Art and Music      
Christopher Ward London


Dennis Morris : Marianne Faithfull

PATRICIA CULLEN: This exhibition might have seemed sparse at first, but it didn’t take me long to feel the impact of the large photographs of Marianne Faithfull mounted on the wall. Faithfull is caught in seductive yet everyday poses, and does not fail to captivate.  The singer submerged in blue light bar the glowing tip of her cigarette immediately evokes a hazy, sultry atmosphere. They quite clearly reflect how Faithfull was seen at the time – tempting, seductive and mysterious.  At the time of their release, these photographs reinforced this image and allowed Marianne to break away from the gentle persona witnessed in her previous album, Dreamin my Dreams. The photographer in question is Hackney born Dennis Morris famous for his iconic images of Bob Marley and The Sex Pistols. From a young age Morris was a keen photographer, skipping school to practice his passion. On one such occasion the young snapper met Bob Marley en route to sound check in the Speak Easy club on Margaret Street.  Marley immediately recognised the potential of the teenager and Morris found himself invited along on the rest of the UK tour now claiming ‘it began from there’. The tour was cut short because of weather conditions it had given Dennis a taste of the exciting world of music photography.

Johnny Rotten of the Sex Pistols saw the Marley photographs and a personal request followed for Morris to become the first photographer for the Pistols. He had most certainly taken the photography world by storm through his ability to catch the artists in imaginative yet habitual poses.  He toured with the Sex Pistols for a year, and numerous distinctive photos of the band were produced.

It was while he was with Johnny Rotten and his new band ‘Public Image Ltd.’, and working for Island Records, that Morris heard about Faithfulls’ new album. A handful of well established photographers, from David Bailey to Clive Arrowsmith, had tried and failed to land the job of shooting the artwork. After all the big guns were called in but none were a hit, Morris finally got his chance to be seen and Faithfull granted him a meeting.  Morris knew this shoot could change his life. Morris had heard the Broken English songs and felt he had the ability to come up with something that would do the album justice, he booked a studio for late in the evening because he ‘figured that was the kinda person she was.’ At the time of their meeting, Morris was still a relative novice. He met Faithful in a pub and recalls that her opening remark was that she was not some cheap hooker and that this was going to cost him! They had some food which ended with Faithful upturning the table and refusing to pay. Morris quietly paid and they went to the studio. Just before they started the shoot, Faithfull came out of the dressing room as Morris recalls; ‘glowing like an unearthed diamond.’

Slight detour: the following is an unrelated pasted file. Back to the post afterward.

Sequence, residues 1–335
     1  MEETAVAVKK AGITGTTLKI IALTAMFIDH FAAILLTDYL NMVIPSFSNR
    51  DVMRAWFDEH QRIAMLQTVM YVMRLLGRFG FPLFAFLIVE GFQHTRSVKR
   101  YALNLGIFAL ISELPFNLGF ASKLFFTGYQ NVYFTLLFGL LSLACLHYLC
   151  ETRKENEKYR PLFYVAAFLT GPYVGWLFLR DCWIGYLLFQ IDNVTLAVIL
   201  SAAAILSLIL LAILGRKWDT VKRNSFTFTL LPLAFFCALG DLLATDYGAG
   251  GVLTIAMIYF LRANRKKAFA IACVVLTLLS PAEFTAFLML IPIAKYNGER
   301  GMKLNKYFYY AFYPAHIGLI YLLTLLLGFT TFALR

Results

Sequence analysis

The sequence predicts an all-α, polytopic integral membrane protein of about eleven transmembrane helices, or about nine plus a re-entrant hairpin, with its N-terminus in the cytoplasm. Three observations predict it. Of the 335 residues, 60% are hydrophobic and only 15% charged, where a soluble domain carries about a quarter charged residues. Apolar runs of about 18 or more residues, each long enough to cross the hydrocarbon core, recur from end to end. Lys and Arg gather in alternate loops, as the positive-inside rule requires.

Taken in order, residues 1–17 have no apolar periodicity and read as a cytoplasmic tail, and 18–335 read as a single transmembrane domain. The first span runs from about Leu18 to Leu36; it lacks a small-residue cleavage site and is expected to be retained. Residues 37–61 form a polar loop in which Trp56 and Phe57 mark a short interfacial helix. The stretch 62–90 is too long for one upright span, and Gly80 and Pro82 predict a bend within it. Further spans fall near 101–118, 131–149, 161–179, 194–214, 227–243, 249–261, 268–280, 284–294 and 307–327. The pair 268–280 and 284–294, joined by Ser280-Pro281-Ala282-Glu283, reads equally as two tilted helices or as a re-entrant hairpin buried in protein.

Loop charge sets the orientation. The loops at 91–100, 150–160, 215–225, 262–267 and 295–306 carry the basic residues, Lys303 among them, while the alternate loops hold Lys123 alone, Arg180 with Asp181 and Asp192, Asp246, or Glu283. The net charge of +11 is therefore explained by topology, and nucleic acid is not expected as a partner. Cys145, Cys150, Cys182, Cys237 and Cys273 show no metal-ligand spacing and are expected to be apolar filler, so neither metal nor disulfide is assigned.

The Andy Warhol inspired blue tinted shot of Faithful smoking a cigarette was a winner. The exhibition shows this in different colourways which truly grasps the essence of the sexy chanteuse. Other photographs in the exhibition are equally as telling of Morris’ talent and Faithfull’s beauty. Five black and white photos show Faithfull at her most natural and alluring.

What is exciting about this exhibition is the fact that it is the first time it has been showcased for the public. The only familiar image is the one Faithful chose to use for the cover of her album ‘Broken English’. The show is a great reminder of all things rock ‘n roll, of a time where true icons triumphed – a perfect antidote to today’s mainstream throwaway notions of celebrity. 


Dennis Morris : Marianne Faithfull

Unseen images from the Broken English session

Snap Galleries

11 June – 31 July 2010








amy fishbourne
2010-06-30 12:48:39
Beautifully written article Patricia. It has definitely inspired me to view the exhibition

amy fishbourne
2010-06-30 12:48:40
Beautifully written article Patricia. It has definitely inspired me to view the exhibition

lilly laMia
2010-07-02 17:46:17
I absolutly enjoyed this article for its factual yet relaxed feel - the reminder of glorious times when being a celebrity was for a good reason. I'll be making my way down to the gallery for sure*

Veronica O'Loughlin
2010-07-02 19:32:56
Very interesting review,and now I'm really hoping I'll get a chance to visit the exhibition.

Leave a comment

Jerwood Gallery - Rachel Howard
Threadneedle Prize
Creative Translation
The Open College of the Arts
Mat Collishaw - New Art Gallery Walsall
Cass Art